As to the mortgage, I've had a couple... the most recent one we opted for a bi-weekly mortgage. Half the monthly nut every 2 weeks, however due to the calendar, you end up putting down 26 half-payments vs. 12 full one's.... and if you're quick on the math, you'll see you're making 1-full month's extra payment. Some people kick part of their tax return over annually and accomplish the same thing. However having studied my amoritization tables until numb, you DO chip a little off the principle every 2-weeks, which compounded over time, reduces the interest total paid on the loan. If it fit my pay-schedule, I'd opt for a bi-weekly mortgage again any time. It did make a difference in the principle IMO.

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The question is a little tough to answer, as it's predicated on your belief about the short-term future market direction.

Of course that can't be known, however from a technical perspective, the markets are not healthy, to say the least. We're looking at a short-term bounce for a little spell here, but I'd advise lightening the portfolio and moving into more protective asset classes.

As to the mortgage, I've had a couple... the most recent one we opted for a bi-weekly mortgage. Half the monthly nut every 2 weeks, however due to the calendar, you end up putting down 26 half-payments vs. 12 full one's.... and if you're quick on the math, you'll see you're making 1-full month's extra payment. Some people kick part of their tax return over annually and accomplish the same thing. However having studied my amoritization tables until numb, you DO chip a little off the principle every 2-weeks, which compounded over time, reduces the interest total paid on the loan. If it fit my pay-schedule, I'd opt for a bi-weekly mortgage again any time. It did make a difference in the principle IMO.

 

This is good advice that a lot of people don't think of. I did this on my last house in Florida. Had we kept the house a full 30 years it would have shaved 7 years off the life of the loan and saved us over $15,000 in interest. I actually called CHASE last week to do that with my current mortgage but they don't offer biweekly payments.

 

Good post though.

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This is good advice that a lot of people don't think of. I did this on my last house in Florida. Had we kept the house a full 30 years it would have shaved 7 years off the life of the loan and saved us over $15,000 in interest. I actually called CHASE last week to do that with my current mortgage but they don't offer biweekly payments.

 

Good post though.

You could do the same thing by paying extra every month.  If you spread a payment or more across your 12 regular payments, you shave off quite a bit of interest because all extra goes to principal.

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You could do the same thing by paying extra every month.  If you spread a payment or more across your 12 regular payments, you shave off quite a bit of interest because all extra goes to principal.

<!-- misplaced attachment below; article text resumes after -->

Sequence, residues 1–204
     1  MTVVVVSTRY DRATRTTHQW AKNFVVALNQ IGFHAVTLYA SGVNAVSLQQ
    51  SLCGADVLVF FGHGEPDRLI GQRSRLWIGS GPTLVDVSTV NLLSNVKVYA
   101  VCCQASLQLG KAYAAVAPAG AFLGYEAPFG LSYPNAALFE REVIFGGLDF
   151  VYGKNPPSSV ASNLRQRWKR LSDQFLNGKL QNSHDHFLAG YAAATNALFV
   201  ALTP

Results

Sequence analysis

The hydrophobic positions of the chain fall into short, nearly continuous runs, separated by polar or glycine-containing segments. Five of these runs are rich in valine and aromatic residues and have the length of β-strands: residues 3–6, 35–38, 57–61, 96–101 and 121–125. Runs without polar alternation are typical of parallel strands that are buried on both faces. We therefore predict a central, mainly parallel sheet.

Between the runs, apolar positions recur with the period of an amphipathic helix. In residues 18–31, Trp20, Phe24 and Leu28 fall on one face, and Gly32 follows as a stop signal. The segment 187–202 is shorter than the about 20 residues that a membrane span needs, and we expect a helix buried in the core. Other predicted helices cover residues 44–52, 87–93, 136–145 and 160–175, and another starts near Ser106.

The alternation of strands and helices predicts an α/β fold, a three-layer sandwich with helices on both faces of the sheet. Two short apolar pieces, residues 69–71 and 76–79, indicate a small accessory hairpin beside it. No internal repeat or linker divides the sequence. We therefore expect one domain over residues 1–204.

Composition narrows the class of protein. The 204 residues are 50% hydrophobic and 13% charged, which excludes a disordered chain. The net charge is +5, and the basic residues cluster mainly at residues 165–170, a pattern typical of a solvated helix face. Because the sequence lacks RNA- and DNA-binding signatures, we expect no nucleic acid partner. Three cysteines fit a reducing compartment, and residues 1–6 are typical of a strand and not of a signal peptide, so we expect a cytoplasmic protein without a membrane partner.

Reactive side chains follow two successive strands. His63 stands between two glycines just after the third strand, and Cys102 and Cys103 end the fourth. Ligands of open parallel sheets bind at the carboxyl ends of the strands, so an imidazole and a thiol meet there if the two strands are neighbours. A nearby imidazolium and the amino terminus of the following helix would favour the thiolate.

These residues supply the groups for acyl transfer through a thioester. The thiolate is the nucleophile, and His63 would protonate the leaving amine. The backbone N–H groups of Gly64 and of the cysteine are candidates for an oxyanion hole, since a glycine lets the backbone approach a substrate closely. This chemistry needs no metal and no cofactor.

Oh I know. I think I'll take the advice listed here and pay off the vehicles first. I mentioned this to my wife and naturally she claimed that she actually came up with this idea a while back but I didn't listen to her....Knowing how bad I am at listening she's probably telling the truth.. :whistle: 

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I was thinking the same thing. I've never seen any. Closest is the tumblers coming soon...


Wrong thread, I know, but what's up with the tumblers, anybody know?

Anywho, back to the topic at hand, I'd pay the extra toward the principle of the home loan every month if you can afford it. Whether it's going to be your retirement home or not doesn't matter, you either pay it off quicker or have more principle in it if you decide to sell before you retire. Win/win to me.

If you have the extra cash, save up a down payment for a large track of land that could be used as an investment property. A good real estate agent will be able to turn you on to this.

There are plenty of other things you can do to invest the rest of it, start a business, invest in gold, silver or other precious metals, or start stock piling goods for that rainy day. Bullets, beans & band aids right? While on that note, invest in yourselves. Training is the easiest way to better yourself. Learn everything you can from shooting classes, medical classes, etc. never stop bettering yourself and your mind.

Just my .02, take it for what it's worth.


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You could do the same thing by paying extra every month.  If you spread a payment or more across your 12 regular payments, you shave off quite a bit of interest because all extra goes to principal.

 

Yes and no... While true, adding extra to your monthly payment does reduce the principle....

The Bi-weekly payment schedule reduces the balance by 50% of the monthly principle payment 14-days earlier than sending in extra at the end of the month. While not huge (maybe a couple hundred bucks for most people?), you're not paying interest on that portion of the principle for 14 days, that you would be if you were just paying extra on a monthly mortgage. It's getting the principle off quicker, that reduces the interest payment over time more greatly, than simply whacking extra on the tab? The bi-weekly schedule puts the payments on the principle faster, and more frequently, so the interest will be reduced... One reason some banks don't offer it! I had to shop around.

Edited by ReeferMac
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What we did.

Paid off the lowest payment first.
Added that money to the next lowest payment until it was paid off.
Added that to the next and so forth.

It was not long before all we had left was the house. The key is to not add any more dept during this process.

Doing it this way we were living off the same money. A earlier post was correct. 1 extra payment a year on a 30 year mortgage will save you 13 years worth of interest. If your house payment is $500 a month that would save you $78,000 worth of interest. Once you have your house paid for you can get a home equity line of credit for emergencies. We also have a car savings account so each month we put what would be a car payment in that account. When it is time to buy a car that is what we use. We have not had a car payment in 25 years.